Agency: National Science Foundation | Branch: | Program: SBIR | Phase: Phase I | Award Amount: 149.85K | Year: 2009

This Small Business Innovation Research (SBIR) Phase I project will take advantage of the unique properties of nanomaterials to develop membranes with improved performance tailored for osmosis applications. Osmosis-based industrial processes have a number of advantages over evaporation and pressure-driven membrane processes, including low energy use, low operating temperatures and pressures, and high product concentrations. The project aims to synthesize a new membrane using a composite structure consisting of carbon nanotubes embedded in a polymer matrix. The main factor limiting the industrial use of osmosis-based technologies is a lack of optimized membranes. The unique nanofluidic properties of the proposed nanomaterials-based membrane would make it ideal for osmosis-based applications, offering improvements in all relevant aspects of membrane performance: 1) improved structural integrity, 2) high permeability; 3) chemical stability, and 4) low propensity to foul. The broader societal/commercial impact of this project will be to enable numerous applications in the areas of wastewater treatment, industrial separations, industrial and emergency desalination, and energy generation. The analysis using the planned desalination plant at the city of Santa Cruz as an example demonstrates that the availability of optimized membranes creates real opportunities for making a strong impact on the commercial use of osmosis-based technologies. In the future the nanomaterials-based membranes developed over the course of this project could be deployed on a global scale for osmosis-based applications, making a measurable impact on this $2.6 billion annual market. Applications of these technologies to water purification and energy generation could provide not only commercial but high societal impact, improving the living conditions in the US and worldwide.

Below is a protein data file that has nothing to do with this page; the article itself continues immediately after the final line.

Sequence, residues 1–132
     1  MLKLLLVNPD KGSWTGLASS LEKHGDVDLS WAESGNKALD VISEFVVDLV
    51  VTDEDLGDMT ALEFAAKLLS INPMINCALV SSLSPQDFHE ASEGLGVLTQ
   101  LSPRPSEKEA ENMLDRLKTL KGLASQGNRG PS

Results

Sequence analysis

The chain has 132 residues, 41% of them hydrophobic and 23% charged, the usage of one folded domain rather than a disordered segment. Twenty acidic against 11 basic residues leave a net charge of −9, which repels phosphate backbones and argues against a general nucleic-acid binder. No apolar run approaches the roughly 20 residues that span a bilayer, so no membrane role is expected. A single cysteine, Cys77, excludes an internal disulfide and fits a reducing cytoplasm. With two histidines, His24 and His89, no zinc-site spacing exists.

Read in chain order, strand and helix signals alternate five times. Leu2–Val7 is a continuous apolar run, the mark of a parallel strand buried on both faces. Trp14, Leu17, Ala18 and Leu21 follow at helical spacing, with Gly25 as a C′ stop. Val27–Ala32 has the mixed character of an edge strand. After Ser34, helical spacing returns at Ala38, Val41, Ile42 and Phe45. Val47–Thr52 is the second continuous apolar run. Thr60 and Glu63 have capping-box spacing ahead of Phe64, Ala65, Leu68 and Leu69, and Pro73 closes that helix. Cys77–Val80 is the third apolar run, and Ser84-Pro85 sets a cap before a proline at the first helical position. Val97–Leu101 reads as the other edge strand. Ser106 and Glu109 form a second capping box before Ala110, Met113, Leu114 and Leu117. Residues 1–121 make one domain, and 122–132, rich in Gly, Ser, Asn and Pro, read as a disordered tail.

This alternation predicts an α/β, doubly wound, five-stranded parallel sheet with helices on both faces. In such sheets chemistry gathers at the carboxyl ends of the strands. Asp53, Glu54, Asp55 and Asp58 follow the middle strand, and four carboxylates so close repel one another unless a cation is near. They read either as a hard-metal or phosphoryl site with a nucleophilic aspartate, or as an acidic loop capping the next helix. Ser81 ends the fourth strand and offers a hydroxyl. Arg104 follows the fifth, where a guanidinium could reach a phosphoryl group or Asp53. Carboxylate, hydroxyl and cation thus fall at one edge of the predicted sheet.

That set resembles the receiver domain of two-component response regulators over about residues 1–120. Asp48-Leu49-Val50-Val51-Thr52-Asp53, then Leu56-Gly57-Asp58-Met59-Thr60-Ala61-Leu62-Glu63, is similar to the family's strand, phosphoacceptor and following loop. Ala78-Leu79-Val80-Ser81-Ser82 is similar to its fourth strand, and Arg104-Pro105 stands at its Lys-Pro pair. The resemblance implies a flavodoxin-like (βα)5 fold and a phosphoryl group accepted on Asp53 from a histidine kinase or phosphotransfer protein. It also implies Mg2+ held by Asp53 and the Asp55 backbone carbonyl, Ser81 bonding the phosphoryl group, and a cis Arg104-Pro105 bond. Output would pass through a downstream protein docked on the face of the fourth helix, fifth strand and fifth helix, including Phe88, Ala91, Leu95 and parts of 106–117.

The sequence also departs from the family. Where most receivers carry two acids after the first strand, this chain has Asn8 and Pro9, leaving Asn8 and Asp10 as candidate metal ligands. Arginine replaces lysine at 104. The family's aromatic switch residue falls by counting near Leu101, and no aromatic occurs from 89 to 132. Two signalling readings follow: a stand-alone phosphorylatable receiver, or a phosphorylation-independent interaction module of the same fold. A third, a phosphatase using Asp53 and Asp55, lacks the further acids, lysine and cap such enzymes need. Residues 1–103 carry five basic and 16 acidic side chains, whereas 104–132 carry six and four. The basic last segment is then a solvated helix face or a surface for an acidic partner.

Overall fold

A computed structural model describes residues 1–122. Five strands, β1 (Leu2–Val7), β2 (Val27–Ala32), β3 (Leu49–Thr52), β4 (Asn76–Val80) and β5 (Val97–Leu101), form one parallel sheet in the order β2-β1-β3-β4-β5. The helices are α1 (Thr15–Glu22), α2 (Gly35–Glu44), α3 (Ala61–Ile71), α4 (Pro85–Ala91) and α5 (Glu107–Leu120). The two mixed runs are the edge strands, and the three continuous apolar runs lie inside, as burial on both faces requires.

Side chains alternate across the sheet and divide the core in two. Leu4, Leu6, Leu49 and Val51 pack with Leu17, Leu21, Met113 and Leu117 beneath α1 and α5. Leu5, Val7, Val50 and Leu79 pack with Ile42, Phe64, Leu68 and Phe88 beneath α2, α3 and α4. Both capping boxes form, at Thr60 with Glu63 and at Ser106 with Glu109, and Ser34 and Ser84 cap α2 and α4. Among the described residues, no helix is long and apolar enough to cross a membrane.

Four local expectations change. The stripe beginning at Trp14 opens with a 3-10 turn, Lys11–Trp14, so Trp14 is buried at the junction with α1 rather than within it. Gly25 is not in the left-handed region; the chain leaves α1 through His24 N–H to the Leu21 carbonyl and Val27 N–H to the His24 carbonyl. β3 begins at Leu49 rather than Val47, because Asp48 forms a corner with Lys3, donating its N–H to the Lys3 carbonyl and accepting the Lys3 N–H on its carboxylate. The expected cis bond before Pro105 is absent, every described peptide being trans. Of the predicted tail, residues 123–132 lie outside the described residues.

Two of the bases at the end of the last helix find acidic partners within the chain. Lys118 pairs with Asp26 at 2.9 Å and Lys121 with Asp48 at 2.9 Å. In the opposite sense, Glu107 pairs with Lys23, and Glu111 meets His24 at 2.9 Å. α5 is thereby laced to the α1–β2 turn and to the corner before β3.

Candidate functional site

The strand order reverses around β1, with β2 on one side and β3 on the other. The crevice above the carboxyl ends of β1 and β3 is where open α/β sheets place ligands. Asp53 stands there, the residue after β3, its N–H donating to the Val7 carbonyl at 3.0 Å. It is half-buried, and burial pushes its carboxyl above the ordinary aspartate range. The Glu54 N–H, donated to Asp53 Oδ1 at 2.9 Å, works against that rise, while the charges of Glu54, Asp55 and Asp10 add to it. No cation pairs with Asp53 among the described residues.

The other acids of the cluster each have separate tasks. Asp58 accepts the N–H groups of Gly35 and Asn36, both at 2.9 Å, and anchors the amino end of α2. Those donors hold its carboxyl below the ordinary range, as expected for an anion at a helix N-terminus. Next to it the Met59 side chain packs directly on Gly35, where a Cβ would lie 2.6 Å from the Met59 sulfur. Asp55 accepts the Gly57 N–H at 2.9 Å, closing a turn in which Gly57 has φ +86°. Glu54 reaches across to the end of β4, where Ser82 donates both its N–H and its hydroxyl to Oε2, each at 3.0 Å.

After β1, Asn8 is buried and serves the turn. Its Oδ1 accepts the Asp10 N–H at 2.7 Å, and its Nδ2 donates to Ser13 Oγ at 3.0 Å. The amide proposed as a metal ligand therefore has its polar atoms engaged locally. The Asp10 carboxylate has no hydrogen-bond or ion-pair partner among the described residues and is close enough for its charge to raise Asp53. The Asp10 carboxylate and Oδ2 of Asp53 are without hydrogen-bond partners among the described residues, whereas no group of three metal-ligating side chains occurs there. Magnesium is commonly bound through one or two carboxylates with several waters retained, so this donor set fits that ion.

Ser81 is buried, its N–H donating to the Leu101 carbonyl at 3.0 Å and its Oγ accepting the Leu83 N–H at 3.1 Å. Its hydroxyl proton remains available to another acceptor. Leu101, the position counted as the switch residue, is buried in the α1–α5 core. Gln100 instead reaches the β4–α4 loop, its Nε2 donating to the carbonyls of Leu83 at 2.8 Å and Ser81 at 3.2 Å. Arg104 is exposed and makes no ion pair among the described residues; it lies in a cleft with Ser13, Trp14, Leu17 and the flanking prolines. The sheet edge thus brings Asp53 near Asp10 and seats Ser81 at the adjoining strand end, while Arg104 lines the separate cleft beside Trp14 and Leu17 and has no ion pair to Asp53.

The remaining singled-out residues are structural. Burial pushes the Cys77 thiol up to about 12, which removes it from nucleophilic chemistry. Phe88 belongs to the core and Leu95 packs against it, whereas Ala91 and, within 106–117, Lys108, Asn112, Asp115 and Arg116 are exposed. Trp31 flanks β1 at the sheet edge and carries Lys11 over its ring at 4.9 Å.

Agency: National Science Foundation | Branch: | Program: STTR | Phase: Phase I | Award Amount: 149.94K | Year: 2009